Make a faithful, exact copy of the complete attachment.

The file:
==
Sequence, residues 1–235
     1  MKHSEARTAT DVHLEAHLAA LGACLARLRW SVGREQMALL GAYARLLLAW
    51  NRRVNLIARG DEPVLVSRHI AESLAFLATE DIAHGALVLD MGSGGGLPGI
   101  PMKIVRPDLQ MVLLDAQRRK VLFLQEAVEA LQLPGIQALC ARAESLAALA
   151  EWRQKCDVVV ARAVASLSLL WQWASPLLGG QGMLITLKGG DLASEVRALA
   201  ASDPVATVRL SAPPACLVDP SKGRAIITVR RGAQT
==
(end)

Sequence, residues 1–235
     1  MKHSEARTAT DVHLEAHLAA LGACLARLRW SVGREQMALL GAYARLLLAW
    51  NRRVNLIARG DEPVLVSRHI AESLAFLATE DIAHGALVLD MGSGGGLPGI
   101  PMKIVRPDLQ MVLLDAQRRK VLFLQEAVEA LQLPGIQALC ARAESLAALA
   151  EWRQKCDVVV ARAVASLSLL WQWASPLLGG QGMLITLKGG DLASEVRALA
   201  ASDPVATVRL SAPPACLVDP SKGRAIITVR RGAQT